Going through a divorce can be a challenging and emotionally draining time. Unfortunately, some spouses resort to emotionally abusive behaviors to gain leverage or get their way during divorce proceedings. 48.4% of women and 48.8% of men say they have experienced psychological aggression in a relationship, with 23.5% of divorces citing domestic abuse as a factor.

When a relationship ends and emotions are running high, some partners resort to abusing their partner to ensure they get what they want from the divorce settlement. If you feel you have been the victim of emotional abuse by your soon-to-be ex, you’re not alone. Talk to a family law firm with experienced divorce lawyers.

Hossein Berenji, an experienced family law attorney in Beverly Hills, CA, shares what steps you can take to protect yourself:

Acknowledge the Abuse

First and foremost, acknowledge that you have been abused and do not deserve to be treated that way under any circumstances. Emotional abuse can take many forms, including verbal attacks, intimidation, manipulation, and more. Financial abuse, where a partner withholds money or steals money, occurs in 98% of abusive relationships. Your spouse may have said cruel things, threatened you, tried to control or isolate you, or purposefully done things to make you feel diminished. One in seven women are stalked by a partner – you do not have to tolerate this kind of behavior.

Recognizing that these harmful actions constitute abuse is essential. You may be inclined to excuse their behavior because of the stress of divorce, but abuse should never be tolerated or ignored, no matter what the underlying cause.

Create Emotional and Physical Distance

Once you identify the abuse, take steps to create physical and emotional distance. This may mean moving out of shared living spaces for the time being and limiting contact. Divorce lawyers can establish temporary orders related to the use of property, finances, custody arrangements, etc.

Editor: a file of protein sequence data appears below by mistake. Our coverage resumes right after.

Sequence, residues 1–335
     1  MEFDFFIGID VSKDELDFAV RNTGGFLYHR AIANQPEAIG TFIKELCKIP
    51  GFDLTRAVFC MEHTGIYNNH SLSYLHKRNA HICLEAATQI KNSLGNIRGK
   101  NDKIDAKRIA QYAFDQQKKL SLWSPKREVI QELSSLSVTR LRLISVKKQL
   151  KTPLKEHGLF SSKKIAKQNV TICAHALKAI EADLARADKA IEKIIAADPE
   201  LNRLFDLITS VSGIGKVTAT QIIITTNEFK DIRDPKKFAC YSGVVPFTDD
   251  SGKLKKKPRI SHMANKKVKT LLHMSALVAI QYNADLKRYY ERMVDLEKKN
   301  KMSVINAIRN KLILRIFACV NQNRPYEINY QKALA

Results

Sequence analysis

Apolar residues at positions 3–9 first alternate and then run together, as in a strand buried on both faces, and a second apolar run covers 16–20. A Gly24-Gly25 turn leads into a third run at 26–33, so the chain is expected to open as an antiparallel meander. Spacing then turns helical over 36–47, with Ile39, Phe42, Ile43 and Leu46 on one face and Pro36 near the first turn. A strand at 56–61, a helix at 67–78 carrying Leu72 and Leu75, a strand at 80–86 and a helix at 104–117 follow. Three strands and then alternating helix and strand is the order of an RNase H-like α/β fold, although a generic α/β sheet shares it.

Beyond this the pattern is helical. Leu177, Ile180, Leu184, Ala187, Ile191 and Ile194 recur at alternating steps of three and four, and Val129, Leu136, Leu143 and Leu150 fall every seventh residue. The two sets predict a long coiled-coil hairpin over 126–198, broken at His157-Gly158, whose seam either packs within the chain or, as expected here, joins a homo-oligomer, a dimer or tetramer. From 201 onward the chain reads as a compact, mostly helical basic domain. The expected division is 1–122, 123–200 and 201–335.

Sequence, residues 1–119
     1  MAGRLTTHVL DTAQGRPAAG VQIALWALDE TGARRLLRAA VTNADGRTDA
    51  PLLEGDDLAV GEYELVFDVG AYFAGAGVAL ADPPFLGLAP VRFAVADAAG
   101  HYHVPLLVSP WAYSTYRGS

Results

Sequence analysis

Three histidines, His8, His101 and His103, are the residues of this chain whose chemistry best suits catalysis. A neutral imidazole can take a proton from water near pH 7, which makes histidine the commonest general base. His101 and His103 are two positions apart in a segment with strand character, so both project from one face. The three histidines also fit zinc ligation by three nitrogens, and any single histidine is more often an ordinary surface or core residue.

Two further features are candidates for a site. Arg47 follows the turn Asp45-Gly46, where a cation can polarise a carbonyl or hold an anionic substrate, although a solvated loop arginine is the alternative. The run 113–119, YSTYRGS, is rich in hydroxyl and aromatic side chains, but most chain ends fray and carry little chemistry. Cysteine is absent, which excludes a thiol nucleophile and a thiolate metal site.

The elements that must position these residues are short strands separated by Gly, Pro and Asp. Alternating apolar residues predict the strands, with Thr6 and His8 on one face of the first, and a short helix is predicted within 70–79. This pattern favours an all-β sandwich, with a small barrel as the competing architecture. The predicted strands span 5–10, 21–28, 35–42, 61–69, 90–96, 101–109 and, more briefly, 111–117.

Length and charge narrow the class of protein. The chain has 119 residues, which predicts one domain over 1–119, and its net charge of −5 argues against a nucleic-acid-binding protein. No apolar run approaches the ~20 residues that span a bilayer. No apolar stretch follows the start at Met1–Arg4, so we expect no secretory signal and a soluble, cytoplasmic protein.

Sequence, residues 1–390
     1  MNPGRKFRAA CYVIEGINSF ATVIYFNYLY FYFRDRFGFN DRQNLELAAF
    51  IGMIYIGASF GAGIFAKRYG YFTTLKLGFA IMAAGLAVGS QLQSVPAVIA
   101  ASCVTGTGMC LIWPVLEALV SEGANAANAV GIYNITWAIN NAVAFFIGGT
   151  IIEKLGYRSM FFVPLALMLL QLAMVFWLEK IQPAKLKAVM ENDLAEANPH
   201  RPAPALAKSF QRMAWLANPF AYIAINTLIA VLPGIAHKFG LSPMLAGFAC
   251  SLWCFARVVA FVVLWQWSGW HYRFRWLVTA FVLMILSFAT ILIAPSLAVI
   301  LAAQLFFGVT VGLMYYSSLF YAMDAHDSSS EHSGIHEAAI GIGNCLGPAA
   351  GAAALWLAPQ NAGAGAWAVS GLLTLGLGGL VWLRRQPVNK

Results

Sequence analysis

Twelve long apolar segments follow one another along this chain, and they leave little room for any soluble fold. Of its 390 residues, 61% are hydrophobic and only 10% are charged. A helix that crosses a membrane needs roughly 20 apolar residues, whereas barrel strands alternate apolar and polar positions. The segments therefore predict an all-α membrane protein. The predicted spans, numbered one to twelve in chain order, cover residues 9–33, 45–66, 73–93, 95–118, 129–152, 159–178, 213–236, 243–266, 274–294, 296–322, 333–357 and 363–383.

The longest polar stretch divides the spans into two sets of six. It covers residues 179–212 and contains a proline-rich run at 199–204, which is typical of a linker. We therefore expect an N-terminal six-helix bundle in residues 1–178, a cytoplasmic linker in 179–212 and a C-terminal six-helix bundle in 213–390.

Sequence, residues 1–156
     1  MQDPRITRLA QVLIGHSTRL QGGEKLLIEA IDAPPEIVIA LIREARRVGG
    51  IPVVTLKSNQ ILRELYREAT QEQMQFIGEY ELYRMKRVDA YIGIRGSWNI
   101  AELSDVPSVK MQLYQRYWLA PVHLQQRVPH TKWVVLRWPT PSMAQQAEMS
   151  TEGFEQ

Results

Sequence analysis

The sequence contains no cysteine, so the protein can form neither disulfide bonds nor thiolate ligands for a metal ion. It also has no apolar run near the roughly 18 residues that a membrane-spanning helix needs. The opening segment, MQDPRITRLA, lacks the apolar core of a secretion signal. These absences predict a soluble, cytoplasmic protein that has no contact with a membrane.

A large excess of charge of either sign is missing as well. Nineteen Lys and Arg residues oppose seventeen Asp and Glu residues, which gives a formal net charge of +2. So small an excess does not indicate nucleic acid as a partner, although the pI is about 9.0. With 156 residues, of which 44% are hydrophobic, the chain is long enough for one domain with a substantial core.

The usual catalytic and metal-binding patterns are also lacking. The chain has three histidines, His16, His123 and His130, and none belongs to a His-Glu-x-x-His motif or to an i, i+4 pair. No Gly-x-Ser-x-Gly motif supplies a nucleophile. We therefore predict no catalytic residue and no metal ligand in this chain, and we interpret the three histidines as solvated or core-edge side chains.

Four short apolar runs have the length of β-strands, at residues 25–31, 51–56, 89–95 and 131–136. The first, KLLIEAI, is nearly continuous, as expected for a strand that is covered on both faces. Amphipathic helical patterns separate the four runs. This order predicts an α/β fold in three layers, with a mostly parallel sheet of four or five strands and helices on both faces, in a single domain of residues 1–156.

The less direct interaction you have with your abusive spouse at this time, the better. Leaning on close friends and family for support can also help provide a healthy perspective during this transition.

Speak to a Divorce Lawyer to Know Had to Proceed

Be strategic in your divorce proceedings going forward. Speak to your divorce attorney about the best legal strategies to pursue in light of the abuse you’ve endured. This may have implications related to the division of assets, alimony, child custody arrangements, and more. Make sure your divorce lawyer and the court are aware of the emotional abuse, providing documentation and evidence whenever possible.

Many partners escalate the abuse once the person tries to end the relationship. Leaving an abusive relationship is the most dangerous time, and it takes an abuse victim around seven attempts before they stay away for good.

Courts generally take abuse allegations very seriously. Having it on record will help protect your interests moving forward.

You may also benefit from speaking to a counselor or therapist during the divorce process. The emotional trauma inflicted by an abusive partner can be significant. Seeking professional support and guidance can help validate what you’ve been through. It can equip you with healthy coping strategies and constructively work through lingering emotional wounds. Don’t underestimate the value of this step. Healing from emotional abuse, even after separation, takes time and focused effort.


Going through a divorce is complicated enough on its own. Coping with abuse by a spouse at the same time is exponentially more difficult. Just know that you can get through this – the abuse is not your fault and does not need to define your future. By leaning on the legal system, your support network, counseling, and your own inner resilience, you can make it to the other side and start fresh. You deserve to feel safe, stable, and cared for, so don’t hesitate to ask for help.